Puerto Vallarta, Mexico - Bored and tired of being stuck at home? Thanks to Mexico's National Institute of Anthropology and History (INAH), you can take online virtual tours of some of Mexico's most popular museums and cultural institutions from the comfort of your couch.
Mexico's museums culture is truly impressive, and there are reportedly over 150 quirky, specialized and general interest options in the capital alone, putting it on a par with international destinations like New York, London and Paris. However, the rest of Mexico also has a huge amount to offer the museum enthusiast, history lover or art aficionado. Here are 6 museums you can visit without leaving home.
Museo Nacional de Antropología: The most important cultural museum in the country, the National Anthropology Museum is Mexico's answer to the Smithsonian or the British Museum. When it is open, you'll need at least two days to see everything on display in its 22 exhibition halls. The virtual tours focus on the rooms that house the museums' most popular art works, in particular its pre-Hispanic and regional ethnographic collections. Visit the website to see some of the works on display. (Adobe Flash Player required.)
Palacio de Bellas Artes: inaugurated in 1934 as the Museum of Plastic Arts, Mexico's Palace of Fine Arts is considered the country's premier cultural center, and was recognized by UNESCO as an artistic monument in 1987. In addition to hosting music, dance, theater, opera and literature events on a regular basis, the Palacio de Bellas Artes also houses 17 murals by some of Mexico's most recognized artists, including Diego Rivera, Manuel Rodríguez Lozano, Roberto Montenegro, David Alfaro Siqueiros, Rufino Tamayo and Jorge González Camarena. The museum also houses some other notable painting, sculpture and photography exhibits, which you can see on this virtual tour.
Museo de Arte Moderno: Located in Mexico City's Chapultepec park, the Museum of Modern Art is part of the Instituto Nacional de Bellas Artes y Literatura. Founded in 1964 on the initiative of President Adolfo López Mateos with the aim of preserving and disseminating Mexican art from the 1930s, the Museum has 4 rooms and three galleries featuring pieces by national and international artists such as Frida Kahlo, Diego Rivera, David Alfaro Siqueiros, Emir Jair, Roberto Montenegro, José Clemente Orozco, Louis Henri Jean Charlot, Juan Soriano and Juan O'Gorman, along with a sculpture garden. Click HERE to see some of the works on display.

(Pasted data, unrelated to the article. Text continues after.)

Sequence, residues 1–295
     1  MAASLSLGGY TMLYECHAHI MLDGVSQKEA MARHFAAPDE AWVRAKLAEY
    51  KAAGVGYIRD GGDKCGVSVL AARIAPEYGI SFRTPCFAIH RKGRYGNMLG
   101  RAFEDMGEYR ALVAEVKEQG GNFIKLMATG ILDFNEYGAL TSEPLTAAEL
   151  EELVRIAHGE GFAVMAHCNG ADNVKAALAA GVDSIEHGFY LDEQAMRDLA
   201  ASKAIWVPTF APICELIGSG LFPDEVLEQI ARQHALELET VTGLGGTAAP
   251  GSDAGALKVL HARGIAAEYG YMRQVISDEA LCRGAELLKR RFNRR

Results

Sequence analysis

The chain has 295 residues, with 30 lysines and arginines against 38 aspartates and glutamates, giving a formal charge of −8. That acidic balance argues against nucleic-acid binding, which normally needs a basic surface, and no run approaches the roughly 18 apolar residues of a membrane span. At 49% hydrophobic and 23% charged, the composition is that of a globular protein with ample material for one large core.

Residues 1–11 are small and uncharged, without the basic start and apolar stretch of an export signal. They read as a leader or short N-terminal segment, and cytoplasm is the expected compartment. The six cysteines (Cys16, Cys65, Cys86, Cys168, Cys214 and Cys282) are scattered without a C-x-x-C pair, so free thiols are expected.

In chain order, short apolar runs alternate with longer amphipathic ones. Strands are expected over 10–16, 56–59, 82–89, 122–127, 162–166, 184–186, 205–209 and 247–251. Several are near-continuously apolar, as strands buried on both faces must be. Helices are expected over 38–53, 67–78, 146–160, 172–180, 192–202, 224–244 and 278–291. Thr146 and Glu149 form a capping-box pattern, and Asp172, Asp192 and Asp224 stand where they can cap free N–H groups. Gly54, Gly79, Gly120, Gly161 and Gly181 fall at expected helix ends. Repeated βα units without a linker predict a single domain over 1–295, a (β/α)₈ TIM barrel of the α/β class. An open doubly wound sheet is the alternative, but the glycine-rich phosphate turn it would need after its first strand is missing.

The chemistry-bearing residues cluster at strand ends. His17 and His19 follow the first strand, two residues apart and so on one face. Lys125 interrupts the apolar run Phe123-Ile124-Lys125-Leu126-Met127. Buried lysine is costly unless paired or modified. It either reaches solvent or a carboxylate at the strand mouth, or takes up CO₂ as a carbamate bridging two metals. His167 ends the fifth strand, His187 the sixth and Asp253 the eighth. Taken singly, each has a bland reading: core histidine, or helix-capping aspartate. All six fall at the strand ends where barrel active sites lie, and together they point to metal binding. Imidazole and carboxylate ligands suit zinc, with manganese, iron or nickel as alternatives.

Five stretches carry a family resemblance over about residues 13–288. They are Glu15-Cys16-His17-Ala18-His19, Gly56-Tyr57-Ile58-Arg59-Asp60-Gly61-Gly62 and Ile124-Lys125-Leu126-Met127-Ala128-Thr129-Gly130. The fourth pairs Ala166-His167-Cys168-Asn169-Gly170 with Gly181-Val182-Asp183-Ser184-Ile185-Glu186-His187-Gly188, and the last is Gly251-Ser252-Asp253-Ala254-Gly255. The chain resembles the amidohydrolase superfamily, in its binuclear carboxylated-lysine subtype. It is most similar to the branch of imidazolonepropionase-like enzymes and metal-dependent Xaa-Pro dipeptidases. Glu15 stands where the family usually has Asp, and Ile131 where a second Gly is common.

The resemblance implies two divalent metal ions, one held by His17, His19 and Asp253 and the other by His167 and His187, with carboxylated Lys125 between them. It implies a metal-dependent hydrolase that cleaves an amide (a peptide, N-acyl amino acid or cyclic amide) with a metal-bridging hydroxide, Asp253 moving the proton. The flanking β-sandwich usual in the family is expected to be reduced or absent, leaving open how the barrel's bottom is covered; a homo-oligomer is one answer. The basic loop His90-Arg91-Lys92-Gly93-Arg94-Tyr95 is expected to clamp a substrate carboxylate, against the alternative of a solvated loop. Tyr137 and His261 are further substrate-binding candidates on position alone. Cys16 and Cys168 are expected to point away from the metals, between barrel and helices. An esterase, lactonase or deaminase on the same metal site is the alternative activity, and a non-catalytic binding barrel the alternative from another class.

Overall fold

Museo de las Culturas de Oaxaca: Located in the former Santo Domingo church and monastery of Oaxaca city, the Museum of the Cultures of Oaxaca is dedicated to the history of the state, with many original artifacts from the pre-Hispanic period up through the Mexican Revolution. It also has collections dedicated to documenting the various indigenous cultures that have a very strong influence on the state's identity. Visit the INAH website to see some of the works on display. (Adobe Flash Player required.)
Museo Maya: One of INAH's newest museums, the Maya Museum opened in Cancún in 2012. The building, with it's avant-garde design inspired by Mayan building columns from the 8th to 16th centuries, houses archaeological collections of one of the most significant culture of the country. The lobby holds modern artworks, while the interior contains artifacts from excavations in Quintana Roo, as well as in the rest of the Mexican states that cover the Maya area: Tabasco, Yucatan, Campeche and Chiapas. Click HERE to see some of the works on display. (Adobe Flash Player required.)
Museo de las Culturas del Norte: In 1996, the Museum of Northern Cultures, designed by the architect Mario Shetjnan, opened its doors to show its collection, which houses one of the most beautiful archaeological collections of Ancient Mexico. This collection was recovered from the excavations of Paquimé and other archaeological sites of the region known as the Great Chichimeca (Northern Mexico and the Southwest of the United States). The museum, located in Chihuahua, was declared a Cultural Heritage of Humanity by UNESCO in 1998 because it preserves unique pieces of its kind. Visit the INAH website to see some of the works on display. (Adobe Flash Player required.)
These are just a few of the 56 virtual museum tours that you can take via the INAH's portal. Many of them are from its flagship National Museum of Anthropology in Mexico City, but there are others from regional museums and archaeological sites in various parts of the country that are definitely worth visiting.
Sources: Mexicanist • Mexico News Daily